Racing the Celtman Xtreme triathlon
The Celtman! Xtreme Triathlon is an international triathlon that takes place over a slightly greater distance than an Ironman.
3.8 km swim in jellyfish-infested Atlantic waters of 110C,
202 km hilly bike
42 km of running up two Munros.
It is held annually in June in Achnasheen, Wester Ross, at the foot of the Torridon mountains in Scotland.
Ranked in the “extreme” category because it offers exceptional difficulties, it has different rules from other triathlons of Ironman distance and a reduced number of competitors.
Created in 2012 , it is the second event in the category “Xtreme Triathlon”, together with the Norseman in Norway, established in 2003 and founder of the extreme triathlons.
Lexi’s Celtman! race report
Friend and competitor Lexi Cremona, originally from Malta and now living in the Republic of Ireland, completed the Celtman! this summer. She has written a race report.
All was calm and a bit surreal in the days preceding the briefing, which was held the night before the event. I was in my own head and had unconsciously created an impenetrable space between myself and my exterior over the previous months and in the build up to this one day.
The logistics, tapering, nutrition, bike mechanics and equipment were organised in Germanic fashion. I had no appetite, I had no space in my mind for anything else and all my energy was focused on executing the plan set out to achieve this goal.
Thankfully, it all went smoothly. My support team, Duggie, Julie and Gregor, arrived and their Scottish banter relaxed me. It was time for briefing. The nerves of the 165 athletes and all their support teams was palpable and so contagious that I had to leave the room for some fresh air.
Emaciated bodies and chiselled cheeks were worn by the well-tapered bodies in the humid room. Some support teams looked lost, others were frantic and all were concerned as they tip-toed around the crammed bodies of loaded springs.
A short film of the previous year’s event day was shown. The room was dead quiet and the support teams were now drawn into the same wave of emotions that the athletes had been pumping themselves up with for the last 10 months.
Duggie, Julie and Gregor looked happier and more excited than ever. The organisers, Paul McGreal, Stewart McInnes, John Whittakar and the whole Celtman Xtreme team, really showed their experience from the get-go. The briefing went on with great Scottish humour and this helped to dispel a bit of the tension.
The sense of community in Torridon was also very warming.
My goals for the Celtman!
This year was different from my Norseman race in 2014. That year was all about getting to the finish line, while this year I wanted to make the cut-off for the mountain run section. That was the goal. Both events were about being the first Maltese national to complete the events.
To achieve my Celtman! goal I needed to:
- Complete 3.8k of tide-assisted swimming and come out of T1 in an hour
- Complete the 202km bike route with 3000m elevation in 8 hours
- Run the first 18km along the Coulin pass in two hours to meet the cut-off point for the higher-level run section (rather than the lower level run).
The rest I didn’t focus on and I could have crawled the rest to the finish line for all I cared. Getting to the cut-off point in time was my main aim.
Training for the run
As running is my weakest discipline, I asked a talented runner and Limerick-based coach Mike Carmody (check out his bio and tips) to coach me. The previous 10 months had seen me backing off from swim volume to prioritise cycling time, running regular trail and hills and doing non-wetsuit open water swims to acclimatise.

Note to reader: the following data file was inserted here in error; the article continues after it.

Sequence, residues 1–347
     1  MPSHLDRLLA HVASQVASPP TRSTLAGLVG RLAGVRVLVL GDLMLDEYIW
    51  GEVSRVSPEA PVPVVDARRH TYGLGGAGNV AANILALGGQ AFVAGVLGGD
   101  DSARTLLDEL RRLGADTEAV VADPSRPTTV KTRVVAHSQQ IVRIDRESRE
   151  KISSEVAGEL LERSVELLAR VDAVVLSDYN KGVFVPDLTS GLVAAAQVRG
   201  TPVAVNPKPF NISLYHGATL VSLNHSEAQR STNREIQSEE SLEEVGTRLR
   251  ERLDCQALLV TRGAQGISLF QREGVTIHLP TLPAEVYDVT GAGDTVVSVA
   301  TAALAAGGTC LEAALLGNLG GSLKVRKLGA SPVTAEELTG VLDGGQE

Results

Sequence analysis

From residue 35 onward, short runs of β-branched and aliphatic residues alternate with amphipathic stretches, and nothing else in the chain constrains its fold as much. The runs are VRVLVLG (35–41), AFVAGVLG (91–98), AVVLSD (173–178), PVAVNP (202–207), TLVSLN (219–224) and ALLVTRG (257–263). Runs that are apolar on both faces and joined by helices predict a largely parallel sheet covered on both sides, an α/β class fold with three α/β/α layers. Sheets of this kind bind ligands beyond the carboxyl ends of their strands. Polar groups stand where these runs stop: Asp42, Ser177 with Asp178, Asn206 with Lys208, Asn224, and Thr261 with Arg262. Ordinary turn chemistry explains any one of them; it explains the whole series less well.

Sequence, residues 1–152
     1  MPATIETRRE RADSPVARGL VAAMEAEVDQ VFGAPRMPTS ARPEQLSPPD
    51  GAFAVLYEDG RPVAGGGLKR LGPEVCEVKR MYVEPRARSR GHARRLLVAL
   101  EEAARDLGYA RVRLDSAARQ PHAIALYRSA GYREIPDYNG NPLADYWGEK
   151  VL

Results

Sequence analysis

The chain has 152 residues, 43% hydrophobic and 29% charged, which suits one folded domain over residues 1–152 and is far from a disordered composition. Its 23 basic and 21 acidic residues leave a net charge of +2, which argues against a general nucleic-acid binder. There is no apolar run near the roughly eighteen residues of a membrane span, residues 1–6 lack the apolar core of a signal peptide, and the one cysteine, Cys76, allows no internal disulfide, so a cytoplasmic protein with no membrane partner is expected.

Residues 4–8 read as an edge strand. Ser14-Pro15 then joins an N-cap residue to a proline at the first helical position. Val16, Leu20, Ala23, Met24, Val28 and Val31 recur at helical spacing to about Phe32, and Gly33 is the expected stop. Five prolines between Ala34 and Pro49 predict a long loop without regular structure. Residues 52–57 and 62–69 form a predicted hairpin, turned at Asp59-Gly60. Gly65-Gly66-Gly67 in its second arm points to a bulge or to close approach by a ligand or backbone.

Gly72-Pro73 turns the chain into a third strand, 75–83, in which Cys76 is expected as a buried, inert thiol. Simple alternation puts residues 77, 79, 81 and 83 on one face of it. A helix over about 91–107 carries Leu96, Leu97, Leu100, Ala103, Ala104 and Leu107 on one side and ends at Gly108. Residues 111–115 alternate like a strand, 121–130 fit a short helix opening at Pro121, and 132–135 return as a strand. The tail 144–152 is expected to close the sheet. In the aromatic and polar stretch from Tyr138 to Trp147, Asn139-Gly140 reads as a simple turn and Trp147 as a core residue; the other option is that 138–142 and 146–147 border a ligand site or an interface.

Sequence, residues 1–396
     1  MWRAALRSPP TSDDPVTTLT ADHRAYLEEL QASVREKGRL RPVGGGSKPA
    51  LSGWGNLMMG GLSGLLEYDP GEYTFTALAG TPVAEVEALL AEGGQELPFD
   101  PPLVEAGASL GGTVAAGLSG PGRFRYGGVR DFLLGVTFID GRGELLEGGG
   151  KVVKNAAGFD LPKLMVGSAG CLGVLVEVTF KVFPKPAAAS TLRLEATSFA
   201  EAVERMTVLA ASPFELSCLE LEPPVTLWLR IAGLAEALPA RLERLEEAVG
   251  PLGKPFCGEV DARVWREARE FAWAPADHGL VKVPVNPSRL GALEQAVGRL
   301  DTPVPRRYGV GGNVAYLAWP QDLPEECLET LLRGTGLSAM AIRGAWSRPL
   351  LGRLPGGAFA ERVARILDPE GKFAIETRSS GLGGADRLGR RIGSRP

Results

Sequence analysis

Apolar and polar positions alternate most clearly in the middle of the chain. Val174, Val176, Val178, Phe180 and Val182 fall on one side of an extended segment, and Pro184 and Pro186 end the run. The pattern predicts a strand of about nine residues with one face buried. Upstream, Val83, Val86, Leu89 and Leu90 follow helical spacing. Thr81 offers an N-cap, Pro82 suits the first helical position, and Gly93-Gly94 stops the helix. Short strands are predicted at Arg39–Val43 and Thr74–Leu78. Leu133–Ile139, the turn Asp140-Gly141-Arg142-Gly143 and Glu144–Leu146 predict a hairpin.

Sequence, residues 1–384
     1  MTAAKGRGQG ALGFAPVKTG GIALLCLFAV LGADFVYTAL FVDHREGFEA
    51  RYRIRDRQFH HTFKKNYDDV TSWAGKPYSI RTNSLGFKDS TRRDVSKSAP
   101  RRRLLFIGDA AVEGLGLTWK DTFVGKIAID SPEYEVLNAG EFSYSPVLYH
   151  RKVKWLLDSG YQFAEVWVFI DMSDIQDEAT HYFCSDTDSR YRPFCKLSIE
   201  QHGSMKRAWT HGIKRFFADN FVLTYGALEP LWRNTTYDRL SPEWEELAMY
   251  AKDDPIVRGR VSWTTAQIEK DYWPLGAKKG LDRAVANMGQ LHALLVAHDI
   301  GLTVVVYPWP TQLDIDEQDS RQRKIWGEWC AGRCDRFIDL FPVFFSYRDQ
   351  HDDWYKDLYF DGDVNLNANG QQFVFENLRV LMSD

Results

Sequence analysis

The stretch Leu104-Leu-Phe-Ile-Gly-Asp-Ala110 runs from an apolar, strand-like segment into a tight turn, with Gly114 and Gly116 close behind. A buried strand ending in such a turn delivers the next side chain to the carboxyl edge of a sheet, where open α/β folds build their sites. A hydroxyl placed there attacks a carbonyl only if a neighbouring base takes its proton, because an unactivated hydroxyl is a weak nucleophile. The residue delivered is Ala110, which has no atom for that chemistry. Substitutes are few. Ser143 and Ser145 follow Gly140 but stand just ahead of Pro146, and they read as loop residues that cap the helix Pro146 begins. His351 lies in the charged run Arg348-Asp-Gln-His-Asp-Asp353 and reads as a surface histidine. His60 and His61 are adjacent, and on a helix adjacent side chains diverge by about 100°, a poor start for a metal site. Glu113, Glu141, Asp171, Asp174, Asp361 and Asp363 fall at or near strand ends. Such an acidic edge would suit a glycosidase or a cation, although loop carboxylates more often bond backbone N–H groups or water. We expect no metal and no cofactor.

The exercise load started with a consistent 12 hours a week for the first four months – and ramped up drastically after that when the long bike rides started to go up to six hours in one session and peaked with a 210k stretch on the bike.
The training was lonely and exhausting, so having Mike to encourage and guide me was invaluable.
Having friends who endured my boring bike chat, 9pm shut downs and lack of energy for much else than my bike was really remarkable.
This included my lovely sister Rebecca, who always put a smile on my face and restored my flailing confidence when I Skyped her whilst wolfing down food after a long bike ride and complaining of my aching body and dire social life.
The day of the race
At 2.30am I was up just before the alarm went off. I am pretty sure I looked like an owl. Poor Duggie didn’t quite wake in the same way. After I’d wakened him, he dragged himself out of the tent. The other support remained for more sleep. We rolled down to the start, Duggie keeping me nice and calm.
We arrived at transition and there was a strange sense of calm amongst the athletes. There were no nerves as it had all transformed to focus and we were all happy being busy and doing what we knew how to do.
I checked in and got the GPS tracker, and set up T1. Duggie was amazing, allowing me to repeat myself a million times over with the plan. “OK, so Duggie, out of T1 in an hour… It’s OK if I look like a blue popsicle, I’ll warm up on the bike” to which Duggie repeated a reassuring, “Aye aye.”
I then tried to force down the porridge and coffee I’d prepared the night before. We took in the great view of the water with the moonlight shimmering on the surface, while nervously making jokes about the jellyfish we had encountered in thousands just two days before.
I was concerned about them because when we tested the water I was laughing hysterically and attempting to swim with my head out of the water through the mass of slippery beasts. But I was calm on the morning and was adamant not to let something like this jeopardise so much time and effort for this race.
More of an immediate problem at the start line were the midges. With bagpipes playing, at exactly 5am, we were off!